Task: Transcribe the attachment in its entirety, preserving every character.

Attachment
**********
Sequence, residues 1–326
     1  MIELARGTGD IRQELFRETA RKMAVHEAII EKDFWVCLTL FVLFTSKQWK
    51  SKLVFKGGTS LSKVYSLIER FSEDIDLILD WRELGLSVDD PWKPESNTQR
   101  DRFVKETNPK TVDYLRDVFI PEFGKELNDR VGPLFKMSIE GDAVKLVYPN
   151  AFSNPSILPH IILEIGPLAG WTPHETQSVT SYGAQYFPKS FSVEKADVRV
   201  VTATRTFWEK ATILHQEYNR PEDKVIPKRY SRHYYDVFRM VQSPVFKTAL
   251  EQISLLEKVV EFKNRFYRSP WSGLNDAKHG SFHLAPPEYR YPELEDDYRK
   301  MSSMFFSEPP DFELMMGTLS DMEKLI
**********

Sequence, residues 1–326
     1  MIELARGTGD IRQELFRETA RKMAVHEAII EKDFWVCLTL FVLFTSKQWK
    51  SKLVFKGGTS LSKVYSLIER FSEDIDLILD WRELGLSVDD PWKPESNTQR
   101  DRFVKETNPK TVDYLRDVFI PEFGKELNDR VGPLFKMSIE GDAVKLVYPN
   151  AFSNPSILPH IILEIGPLAG WTPHETQSVT SYGAQYFPKS FSVEKADVRV
   201  VTATRTFWEK ATILHQEYNR PEDKVIPKRY SRHYYDVFRM VQSPVFKTAL
   251  EQISLLEKVV EFKNRFYRSP WSGLNDAKHG SFHLAPPEYR YPELEDDYRK
   301  MSSMFFSEPP DFELMMGTLS DMEKLI